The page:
expat life

Professional Wanderlust

Expat Life – The Trials and Triumphs of Working Abroad

For those of us who have left our homelands behind for a better job prospect, for love, or just for something new, we understand that “expat life” is not just a choice. It’s a lifestyle. And according to a recent study, 1/3 of Americans would consider leaving the U.S. for foreign shores. This number has increased dramatically over the last few years, and probably for the best: most recruiters and headhunters strongly believe that international experiences make a candidate more attractive.

But moving to a different country and finding a job is about so much more than booking the flight. The language barriers, lifestyle changes and cultural differences can be staggering, and the difficulties of expat life are not to be underestimated. That said, international experience is practically required for executives and senior managers in today’s job market, especially in Europe. And as most expats can tell you, the experience alone is worth the struggles.

If you’re considering an international move or job offer, be brave enough to say yes. But before you sign the contract, here’s an idea of the factors to consider.

expat life

 

Different Working Hours

Traditionally speaking, most American employees take the morning train, they work from 9 to 5 and then they take another home again. But of course, in a culture of constant connectivity, these work days may drag much longer, especially if you’re still reading your work email from your phone at 8 pm on a Tuesday. And across industries, the averages change as well. In Europe, working hours vary widely from country to country. Germans, for example, take their 9-6 schedule very seriously – as seriously as their after-work parties. As many people have noted, “the Germans work hard and play hard.” Meanwhile, the Spanish tradition of “siesta” isn’t a joke. In fact, be prepared for entire cities to shut down for a few hours in the afternoon so that they can rest and recharge their batteries.

When you consider a transcontinental switch, think about your lifestyle and whether your new home country fits with your idea of “work-life balance.” Do you need a two hour break in the middle of the day to relax and reflect? Or would you prefer to be in and out by 6 pm, ready to enjoy your evening with friends and family?

Office and Business Interactions

Cultural norms are different for every country. Like many companies today, Experteer is lucky  to have a very international staff, with employees from all over the world – France, Mexico, the Netherlands, Nepal, Colombia, Bulgaria, and more. This creates a very open minded environment within the workplace, with all of our colleagues sharing traditions and customs. But if your new employer has a more domestic workforce – say you’re moving to France, and the entire staff is French – then it’s in your best interest to familiarize yourself with certain norms that will be expected of you in such an office. Don’t be surprised if your new Parisian boss moves to kiss your cheek. This isn’t an HR violation, it’s simply a greeting. Or should you choose to attend a conference or work in an Asian country, you must learn how to properly deliver your business card to a new acquaintance. Don’t simply dig it out of your pocket, crumpled and dirty, before handing it over to your new contact. Rather, it should be immaculately presented, face up, in both hands to the recipient. To nonchalantly pass it on is to convey a serious lack of respect. Do a little research to find out what’s expected of you in each country, and especially in your new city.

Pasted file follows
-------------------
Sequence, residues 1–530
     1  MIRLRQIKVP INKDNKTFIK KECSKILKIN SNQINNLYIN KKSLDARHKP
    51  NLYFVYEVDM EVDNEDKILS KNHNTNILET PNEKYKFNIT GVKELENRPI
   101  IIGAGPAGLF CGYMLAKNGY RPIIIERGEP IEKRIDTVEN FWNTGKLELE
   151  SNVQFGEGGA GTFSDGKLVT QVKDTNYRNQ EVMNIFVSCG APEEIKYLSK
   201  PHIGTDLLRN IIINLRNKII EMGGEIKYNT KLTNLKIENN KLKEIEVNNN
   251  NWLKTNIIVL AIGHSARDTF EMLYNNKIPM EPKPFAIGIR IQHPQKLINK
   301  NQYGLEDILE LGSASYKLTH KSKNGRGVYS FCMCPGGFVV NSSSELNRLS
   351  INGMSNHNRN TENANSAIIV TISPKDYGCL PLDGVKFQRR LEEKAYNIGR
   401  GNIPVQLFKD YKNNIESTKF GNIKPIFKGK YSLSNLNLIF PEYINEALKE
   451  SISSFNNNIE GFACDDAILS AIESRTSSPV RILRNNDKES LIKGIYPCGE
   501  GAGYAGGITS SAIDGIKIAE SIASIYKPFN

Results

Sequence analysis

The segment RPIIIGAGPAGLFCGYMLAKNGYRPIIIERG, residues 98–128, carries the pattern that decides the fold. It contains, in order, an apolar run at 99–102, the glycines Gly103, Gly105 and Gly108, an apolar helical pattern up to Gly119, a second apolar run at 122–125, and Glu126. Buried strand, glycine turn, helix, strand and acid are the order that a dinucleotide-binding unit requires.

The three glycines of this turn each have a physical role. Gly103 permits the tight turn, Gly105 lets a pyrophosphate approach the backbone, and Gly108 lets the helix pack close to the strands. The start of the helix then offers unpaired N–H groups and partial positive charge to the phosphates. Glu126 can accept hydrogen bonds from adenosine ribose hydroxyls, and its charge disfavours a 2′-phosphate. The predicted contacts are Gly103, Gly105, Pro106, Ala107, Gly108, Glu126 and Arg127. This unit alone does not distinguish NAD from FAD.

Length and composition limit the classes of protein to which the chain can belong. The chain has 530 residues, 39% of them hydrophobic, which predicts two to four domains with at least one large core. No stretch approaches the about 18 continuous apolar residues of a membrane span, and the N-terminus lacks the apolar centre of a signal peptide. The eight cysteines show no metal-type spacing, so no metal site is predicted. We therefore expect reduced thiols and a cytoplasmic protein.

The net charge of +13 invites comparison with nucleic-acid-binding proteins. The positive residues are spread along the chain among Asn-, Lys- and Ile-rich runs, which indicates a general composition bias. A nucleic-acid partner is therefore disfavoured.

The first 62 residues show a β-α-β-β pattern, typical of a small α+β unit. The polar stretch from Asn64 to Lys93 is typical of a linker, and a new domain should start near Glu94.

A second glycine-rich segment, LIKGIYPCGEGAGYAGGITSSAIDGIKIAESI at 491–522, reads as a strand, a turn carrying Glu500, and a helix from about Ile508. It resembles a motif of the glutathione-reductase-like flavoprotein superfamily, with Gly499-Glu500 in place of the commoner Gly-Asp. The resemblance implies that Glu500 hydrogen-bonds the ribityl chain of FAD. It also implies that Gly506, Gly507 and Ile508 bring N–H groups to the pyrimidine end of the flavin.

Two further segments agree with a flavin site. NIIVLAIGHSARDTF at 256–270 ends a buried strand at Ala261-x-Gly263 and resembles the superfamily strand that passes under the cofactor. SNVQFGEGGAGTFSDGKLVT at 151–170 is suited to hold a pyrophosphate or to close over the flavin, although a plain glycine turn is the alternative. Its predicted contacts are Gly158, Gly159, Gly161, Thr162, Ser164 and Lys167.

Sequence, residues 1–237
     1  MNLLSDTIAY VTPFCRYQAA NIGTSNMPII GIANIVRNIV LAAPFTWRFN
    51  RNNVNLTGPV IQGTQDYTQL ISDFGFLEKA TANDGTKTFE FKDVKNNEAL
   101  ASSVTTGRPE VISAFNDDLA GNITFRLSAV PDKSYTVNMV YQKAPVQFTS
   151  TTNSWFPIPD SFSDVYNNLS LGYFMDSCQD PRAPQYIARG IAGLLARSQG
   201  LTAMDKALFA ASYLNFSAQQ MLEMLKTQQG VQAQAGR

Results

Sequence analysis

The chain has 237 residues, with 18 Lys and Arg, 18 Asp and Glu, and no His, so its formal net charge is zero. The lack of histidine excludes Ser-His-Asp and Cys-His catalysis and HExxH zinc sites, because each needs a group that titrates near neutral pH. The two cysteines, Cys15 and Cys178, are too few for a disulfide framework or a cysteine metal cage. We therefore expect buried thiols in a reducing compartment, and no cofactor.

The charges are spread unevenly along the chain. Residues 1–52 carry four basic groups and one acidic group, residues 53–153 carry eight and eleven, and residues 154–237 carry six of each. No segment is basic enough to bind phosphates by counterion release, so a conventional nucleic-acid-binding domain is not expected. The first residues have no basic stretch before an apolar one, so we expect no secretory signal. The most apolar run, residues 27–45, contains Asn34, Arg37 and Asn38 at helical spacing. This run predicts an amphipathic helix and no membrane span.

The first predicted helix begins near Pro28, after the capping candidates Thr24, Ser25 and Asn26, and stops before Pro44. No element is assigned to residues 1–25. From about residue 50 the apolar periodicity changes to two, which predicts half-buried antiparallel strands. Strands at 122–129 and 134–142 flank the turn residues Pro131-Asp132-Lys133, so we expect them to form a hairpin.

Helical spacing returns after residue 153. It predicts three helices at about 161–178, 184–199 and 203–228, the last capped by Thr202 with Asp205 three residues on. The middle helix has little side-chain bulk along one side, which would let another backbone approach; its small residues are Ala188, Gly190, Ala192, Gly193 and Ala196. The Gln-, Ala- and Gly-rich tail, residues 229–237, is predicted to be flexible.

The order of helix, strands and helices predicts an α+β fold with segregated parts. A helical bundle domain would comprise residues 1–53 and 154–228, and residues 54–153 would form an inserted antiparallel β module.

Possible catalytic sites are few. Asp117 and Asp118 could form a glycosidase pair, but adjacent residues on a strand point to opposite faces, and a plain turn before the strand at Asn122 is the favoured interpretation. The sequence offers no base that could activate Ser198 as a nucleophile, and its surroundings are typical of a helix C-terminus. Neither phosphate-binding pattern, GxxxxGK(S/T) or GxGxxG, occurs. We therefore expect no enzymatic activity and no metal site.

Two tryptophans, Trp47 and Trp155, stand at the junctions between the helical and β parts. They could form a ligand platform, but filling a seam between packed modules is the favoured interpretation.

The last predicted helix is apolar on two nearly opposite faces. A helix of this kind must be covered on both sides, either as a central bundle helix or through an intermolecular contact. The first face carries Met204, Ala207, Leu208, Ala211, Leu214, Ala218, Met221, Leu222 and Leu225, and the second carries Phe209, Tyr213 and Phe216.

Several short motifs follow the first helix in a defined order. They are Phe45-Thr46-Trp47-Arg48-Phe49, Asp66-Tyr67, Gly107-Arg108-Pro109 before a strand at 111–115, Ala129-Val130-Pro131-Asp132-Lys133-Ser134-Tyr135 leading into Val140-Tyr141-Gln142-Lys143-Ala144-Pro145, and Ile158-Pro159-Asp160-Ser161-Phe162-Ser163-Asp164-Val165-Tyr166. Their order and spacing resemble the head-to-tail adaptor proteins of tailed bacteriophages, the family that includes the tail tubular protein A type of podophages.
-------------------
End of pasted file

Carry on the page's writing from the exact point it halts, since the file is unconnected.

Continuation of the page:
Salary and Benefits

Does the thought of spending 70% of your paycheck on rent make you cry? Would you rather have a higher salary, or more vacation days? Or do you want both? These are all valid questions to consider before making a big move. Some cities are notorious for their high cost of living, so before boarding a flight to New York City or Paris, try looking at the cost of apartments first, and calculate these costs against your proposed salary.

And don’t forget it’s about more than paychecks. In France, for example, their vacation days are highly prized – some employees have as much as 10 weeks per year. And Germans get an average of 30 days per year – six weeks. Compared to the American standard of two weeks, this is an absolute luxury. So consider your lifestyle and your passions, before you commit to a new country.

International experience is absolutely invaluable, both personally and professionally. So do your research and find out if an international move is right for you! For a boost in the right direction, try finding your next international senior position on Experteer today!



'Expat Life – The Trials and Triumphs of Working Abroad' have 1 comment

  1. July 14, 2016 @ 12:50 am Karin Schroeck-Singh

    Great points have been mentioned in this article, well written Margaret! Having made my own international experiences I can really relate to this content!

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